Written by: Big Ross, CC2K Staff Writer
In a recent best-games-of-the-year piece for CC2K I wrote the following:
"If truly great sequels are about rehashing the idea of the original on a bigger and better scale as much as advancing plot, look no further than Assassin's Creed II."
I could just as easily say the same thing about Mass Effect 2. We're only a month into 2010, and Bioware has released what is sure to be one of the best games of the year. They've taken the original and distilled the RPG elements down, fortified the action/shooter gameplay, and seasoned liberally with intrigue and even more epic story telling. It's like a master chef taking their adaptation of a classic entree and actually improving upon the recipe. The result is a meal so thoroughly delicious and satisfying from start to finish that (gluttony be damned) it leaves you ravenous for more.
Released in 2007 Mass Effect presented gamers with a very different galaxy than the one we know today. Set some 200 years in the future, humanity's exploration of the solar system resulted in the discovery of advanced alien technology, specifically a series of "mass relays" that allow for near-instantaneous transportation across huge astronomical distances. This fictional tech allowed for humans to travel interstellar distances, resulting in their discovery of other sentient lifeforms and a governmental affiliation known as The Council (sort of an intergalactic United Nations) that serves as the ruling body of a region of the Milky Way termed "Citadel space". As relative newcomers to the galactic stage, humans are viewed by some alien races with a distinct lack of respect, by others with outright disdain.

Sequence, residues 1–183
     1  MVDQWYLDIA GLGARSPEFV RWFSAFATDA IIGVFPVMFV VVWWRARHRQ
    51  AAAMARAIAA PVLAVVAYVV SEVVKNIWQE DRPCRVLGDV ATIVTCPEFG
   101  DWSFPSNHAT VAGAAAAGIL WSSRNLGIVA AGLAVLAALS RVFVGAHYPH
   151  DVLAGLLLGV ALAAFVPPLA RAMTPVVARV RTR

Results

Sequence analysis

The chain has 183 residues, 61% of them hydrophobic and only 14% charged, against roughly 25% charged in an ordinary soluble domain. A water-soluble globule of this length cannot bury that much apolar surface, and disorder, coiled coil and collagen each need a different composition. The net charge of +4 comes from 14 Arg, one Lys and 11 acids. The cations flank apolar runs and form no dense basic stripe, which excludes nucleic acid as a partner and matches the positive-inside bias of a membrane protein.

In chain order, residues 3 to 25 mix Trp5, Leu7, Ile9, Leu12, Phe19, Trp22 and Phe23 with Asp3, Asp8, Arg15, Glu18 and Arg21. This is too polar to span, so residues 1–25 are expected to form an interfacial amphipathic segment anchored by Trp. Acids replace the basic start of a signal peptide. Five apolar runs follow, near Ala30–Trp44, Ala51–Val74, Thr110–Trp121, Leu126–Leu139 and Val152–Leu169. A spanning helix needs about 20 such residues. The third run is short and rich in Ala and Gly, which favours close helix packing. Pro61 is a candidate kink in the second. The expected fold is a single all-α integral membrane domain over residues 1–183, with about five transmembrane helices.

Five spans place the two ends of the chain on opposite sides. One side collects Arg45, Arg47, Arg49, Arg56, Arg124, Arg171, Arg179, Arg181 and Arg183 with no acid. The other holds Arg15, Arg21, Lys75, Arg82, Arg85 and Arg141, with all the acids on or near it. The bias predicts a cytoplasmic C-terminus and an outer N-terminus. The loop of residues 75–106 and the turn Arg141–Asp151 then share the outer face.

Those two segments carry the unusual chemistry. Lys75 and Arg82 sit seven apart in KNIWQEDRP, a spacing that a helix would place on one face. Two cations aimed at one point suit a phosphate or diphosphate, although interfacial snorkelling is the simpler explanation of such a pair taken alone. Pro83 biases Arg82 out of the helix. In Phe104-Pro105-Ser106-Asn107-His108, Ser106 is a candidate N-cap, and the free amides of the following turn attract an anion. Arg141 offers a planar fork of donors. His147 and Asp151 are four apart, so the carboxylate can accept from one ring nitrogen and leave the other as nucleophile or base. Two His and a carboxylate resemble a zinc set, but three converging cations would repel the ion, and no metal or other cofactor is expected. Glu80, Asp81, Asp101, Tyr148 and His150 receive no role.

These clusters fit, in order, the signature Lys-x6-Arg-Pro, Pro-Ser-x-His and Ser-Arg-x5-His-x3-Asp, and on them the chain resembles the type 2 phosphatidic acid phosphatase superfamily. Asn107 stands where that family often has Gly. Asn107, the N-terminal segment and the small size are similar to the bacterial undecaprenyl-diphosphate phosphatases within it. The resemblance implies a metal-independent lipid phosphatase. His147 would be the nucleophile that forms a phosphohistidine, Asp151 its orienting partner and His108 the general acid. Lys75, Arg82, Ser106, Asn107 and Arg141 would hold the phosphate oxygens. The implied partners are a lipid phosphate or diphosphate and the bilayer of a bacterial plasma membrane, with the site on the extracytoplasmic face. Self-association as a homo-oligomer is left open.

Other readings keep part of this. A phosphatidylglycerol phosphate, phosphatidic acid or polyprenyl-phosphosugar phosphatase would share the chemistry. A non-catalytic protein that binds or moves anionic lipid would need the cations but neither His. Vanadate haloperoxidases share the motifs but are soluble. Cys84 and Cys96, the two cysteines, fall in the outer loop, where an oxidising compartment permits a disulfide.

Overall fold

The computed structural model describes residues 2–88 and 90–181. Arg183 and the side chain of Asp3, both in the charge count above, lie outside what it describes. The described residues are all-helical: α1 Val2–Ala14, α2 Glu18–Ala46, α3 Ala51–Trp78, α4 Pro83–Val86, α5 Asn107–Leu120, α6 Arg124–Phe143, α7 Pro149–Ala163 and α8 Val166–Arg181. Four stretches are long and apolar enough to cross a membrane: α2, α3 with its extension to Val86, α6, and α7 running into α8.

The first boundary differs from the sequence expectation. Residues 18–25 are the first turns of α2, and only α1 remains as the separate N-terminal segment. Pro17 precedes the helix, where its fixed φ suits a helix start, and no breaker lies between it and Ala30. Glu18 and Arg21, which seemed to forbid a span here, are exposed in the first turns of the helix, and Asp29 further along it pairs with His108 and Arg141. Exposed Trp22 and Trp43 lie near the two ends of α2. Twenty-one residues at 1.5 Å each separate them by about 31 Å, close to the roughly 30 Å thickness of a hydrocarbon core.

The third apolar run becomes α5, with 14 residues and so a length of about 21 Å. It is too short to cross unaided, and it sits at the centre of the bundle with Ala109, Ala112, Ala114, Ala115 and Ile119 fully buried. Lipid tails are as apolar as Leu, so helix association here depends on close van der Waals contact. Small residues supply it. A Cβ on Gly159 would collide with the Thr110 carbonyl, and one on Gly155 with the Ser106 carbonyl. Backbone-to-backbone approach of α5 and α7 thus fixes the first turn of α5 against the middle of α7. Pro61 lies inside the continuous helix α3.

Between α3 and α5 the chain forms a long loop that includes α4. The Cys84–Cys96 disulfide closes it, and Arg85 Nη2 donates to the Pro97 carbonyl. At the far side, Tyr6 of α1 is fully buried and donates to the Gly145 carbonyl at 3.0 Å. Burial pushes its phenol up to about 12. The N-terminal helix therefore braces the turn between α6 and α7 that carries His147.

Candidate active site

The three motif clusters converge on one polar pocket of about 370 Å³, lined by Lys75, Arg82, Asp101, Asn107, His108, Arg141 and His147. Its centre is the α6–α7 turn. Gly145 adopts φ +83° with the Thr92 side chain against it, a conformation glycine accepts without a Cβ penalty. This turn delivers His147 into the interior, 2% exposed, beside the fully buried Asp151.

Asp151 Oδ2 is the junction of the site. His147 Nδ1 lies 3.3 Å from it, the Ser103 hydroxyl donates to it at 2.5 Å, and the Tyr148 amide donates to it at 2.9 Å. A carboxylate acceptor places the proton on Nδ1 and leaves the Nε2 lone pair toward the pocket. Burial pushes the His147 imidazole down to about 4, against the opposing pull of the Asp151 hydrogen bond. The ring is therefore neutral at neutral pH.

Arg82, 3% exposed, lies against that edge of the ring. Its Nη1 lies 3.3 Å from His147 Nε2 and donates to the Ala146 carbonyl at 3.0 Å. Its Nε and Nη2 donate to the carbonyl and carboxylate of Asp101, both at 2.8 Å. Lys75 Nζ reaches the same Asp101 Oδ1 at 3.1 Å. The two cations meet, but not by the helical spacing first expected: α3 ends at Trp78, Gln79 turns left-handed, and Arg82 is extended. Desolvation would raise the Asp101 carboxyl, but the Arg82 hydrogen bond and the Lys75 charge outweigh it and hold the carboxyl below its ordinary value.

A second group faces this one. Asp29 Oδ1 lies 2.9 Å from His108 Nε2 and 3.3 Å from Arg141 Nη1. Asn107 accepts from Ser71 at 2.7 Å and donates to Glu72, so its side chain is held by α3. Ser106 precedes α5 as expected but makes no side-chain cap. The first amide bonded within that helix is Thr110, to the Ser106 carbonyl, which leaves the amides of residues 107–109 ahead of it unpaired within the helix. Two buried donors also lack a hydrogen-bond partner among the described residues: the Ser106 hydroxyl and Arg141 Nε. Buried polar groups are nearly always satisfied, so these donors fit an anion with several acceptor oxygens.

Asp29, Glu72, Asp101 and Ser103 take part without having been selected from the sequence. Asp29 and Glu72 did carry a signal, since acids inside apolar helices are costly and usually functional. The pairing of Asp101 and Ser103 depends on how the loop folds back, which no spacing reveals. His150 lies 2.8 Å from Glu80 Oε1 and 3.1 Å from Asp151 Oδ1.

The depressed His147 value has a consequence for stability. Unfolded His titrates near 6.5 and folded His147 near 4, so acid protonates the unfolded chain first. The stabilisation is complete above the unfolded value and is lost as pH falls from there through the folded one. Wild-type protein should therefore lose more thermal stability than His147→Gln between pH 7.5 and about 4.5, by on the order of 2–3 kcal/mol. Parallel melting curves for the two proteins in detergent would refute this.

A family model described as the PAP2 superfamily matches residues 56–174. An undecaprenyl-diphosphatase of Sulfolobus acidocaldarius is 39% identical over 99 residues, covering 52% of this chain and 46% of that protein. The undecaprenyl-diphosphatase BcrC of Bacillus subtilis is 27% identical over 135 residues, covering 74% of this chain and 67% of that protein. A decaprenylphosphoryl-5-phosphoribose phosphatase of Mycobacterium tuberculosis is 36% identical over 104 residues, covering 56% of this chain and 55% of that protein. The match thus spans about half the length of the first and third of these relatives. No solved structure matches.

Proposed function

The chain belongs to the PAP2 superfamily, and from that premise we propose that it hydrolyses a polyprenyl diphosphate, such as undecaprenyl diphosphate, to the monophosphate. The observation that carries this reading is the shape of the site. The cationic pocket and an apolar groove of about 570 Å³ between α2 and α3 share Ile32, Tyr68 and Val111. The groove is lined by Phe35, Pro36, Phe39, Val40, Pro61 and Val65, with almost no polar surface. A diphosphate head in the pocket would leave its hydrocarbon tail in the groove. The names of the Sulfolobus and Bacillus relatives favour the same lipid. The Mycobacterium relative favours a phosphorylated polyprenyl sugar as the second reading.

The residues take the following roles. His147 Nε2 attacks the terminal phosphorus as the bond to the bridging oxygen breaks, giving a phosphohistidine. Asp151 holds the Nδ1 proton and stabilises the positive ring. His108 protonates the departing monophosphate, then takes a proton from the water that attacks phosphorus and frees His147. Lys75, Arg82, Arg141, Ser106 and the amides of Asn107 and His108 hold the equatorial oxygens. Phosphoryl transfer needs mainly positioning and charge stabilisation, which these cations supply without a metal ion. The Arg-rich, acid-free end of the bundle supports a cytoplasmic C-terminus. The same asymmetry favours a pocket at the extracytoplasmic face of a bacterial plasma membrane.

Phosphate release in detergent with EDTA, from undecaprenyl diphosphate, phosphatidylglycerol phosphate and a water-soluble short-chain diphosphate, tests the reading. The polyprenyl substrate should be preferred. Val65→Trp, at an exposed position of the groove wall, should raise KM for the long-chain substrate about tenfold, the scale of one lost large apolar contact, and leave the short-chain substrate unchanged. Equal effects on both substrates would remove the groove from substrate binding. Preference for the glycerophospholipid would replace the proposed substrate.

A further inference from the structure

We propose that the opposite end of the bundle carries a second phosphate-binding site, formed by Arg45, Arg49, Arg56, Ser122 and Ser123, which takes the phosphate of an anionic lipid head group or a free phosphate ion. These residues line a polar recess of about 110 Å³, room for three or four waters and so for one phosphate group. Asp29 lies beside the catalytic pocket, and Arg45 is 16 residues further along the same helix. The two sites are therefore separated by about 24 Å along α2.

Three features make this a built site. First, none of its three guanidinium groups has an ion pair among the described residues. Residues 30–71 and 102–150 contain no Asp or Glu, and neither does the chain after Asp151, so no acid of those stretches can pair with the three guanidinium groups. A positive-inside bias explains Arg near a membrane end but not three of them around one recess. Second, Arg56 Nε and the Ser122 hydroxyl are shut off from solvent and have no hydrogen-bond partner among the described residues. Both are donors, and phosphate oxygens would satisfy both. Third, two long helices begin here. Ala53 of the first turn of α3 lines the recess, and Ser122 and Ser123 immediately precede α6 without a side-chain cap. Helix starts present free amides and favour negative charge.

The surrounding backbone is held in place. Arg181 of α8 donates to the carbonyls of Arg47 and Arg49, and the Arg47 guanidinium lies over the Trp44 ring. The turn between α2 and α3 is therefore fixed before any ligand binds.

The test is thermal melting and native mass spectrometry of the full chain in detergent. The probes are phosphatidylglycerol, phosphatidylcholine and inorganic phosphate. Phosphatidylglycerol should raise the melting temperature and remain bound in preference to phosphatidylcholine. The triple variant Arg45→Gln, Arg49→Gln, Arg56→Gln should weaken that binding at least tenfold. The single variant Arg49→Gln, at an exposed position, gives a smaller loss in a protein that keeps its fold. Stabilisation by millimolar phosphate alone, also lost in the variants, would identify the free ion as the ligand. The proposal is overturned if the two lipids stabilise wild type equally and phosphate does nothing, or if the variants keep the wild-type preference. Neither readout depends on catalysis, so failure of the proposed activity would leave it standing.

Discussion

The original game begins with players assuming (and customizing) the character of Commander Shepard, the executive officer of the SSV Normandy. After stumbling upon an attack on a human colony by a race of synthetic lifeforms called the Geth, Shepard is given command of the Normandy and tasked with discovering the motivations of the Geth and how much of a threat they pose. By game's end Shepard finds that the Geth are foot soldiers of a more formidable foe, and he/she becomes the spear tip of an all-out war for survival, not only of humanity but of all sentient life in the galaxy. Shepard and allies met along the way must battle against Sovereign – a harbinger of an ancient race of colossal machines who in myth and legend are called The Reapers. They lie dormant for millennia beyond the furthest reaches of the galaxy, waiting for sentient organic life to attain some succulent level of advancement, a fatted calf ripe for slaughter and feasting.
So as not to venture into SPOILER territory, suffice it to say that Mass Effect 2 really picks up around 2 years after the events of the first game. Shepard finds him or herself sans ship, crew, and support of the Human Systems Alliance. Now backed by the mysterious Illusive Man and his fringe, humanity-first group Cerberus, Shepard must once again answer the call to war. Much of the Alliance may be content in thinking that with the Geth fended off, the danger has been averted, but Cerberus is convinced the Reapers are still very much a threat to the galaxy, a threat that only Commander Shepard and a new elite team can stand against.
It's always difficult to judge a sequel on its own without considering what preceded it. In this case Mass Effect was one of the best games of 2007, and IMHO the best RPG of that year. Bioware certainly set a high standard for a sequel, and yet the first game was by no means perfect. While the conversation system was new and dynamic, the degree of customization was deep and extensive, and the game offered a great, original story and setting, there were definitely some low points. The cumbersome inventory system. The boring, formulaic planet exploration. The clunky third-person shooter portions that weren't nearly as polished or fun as Army of Two, for example. Thankfully, Bioware upped the ante the second time around.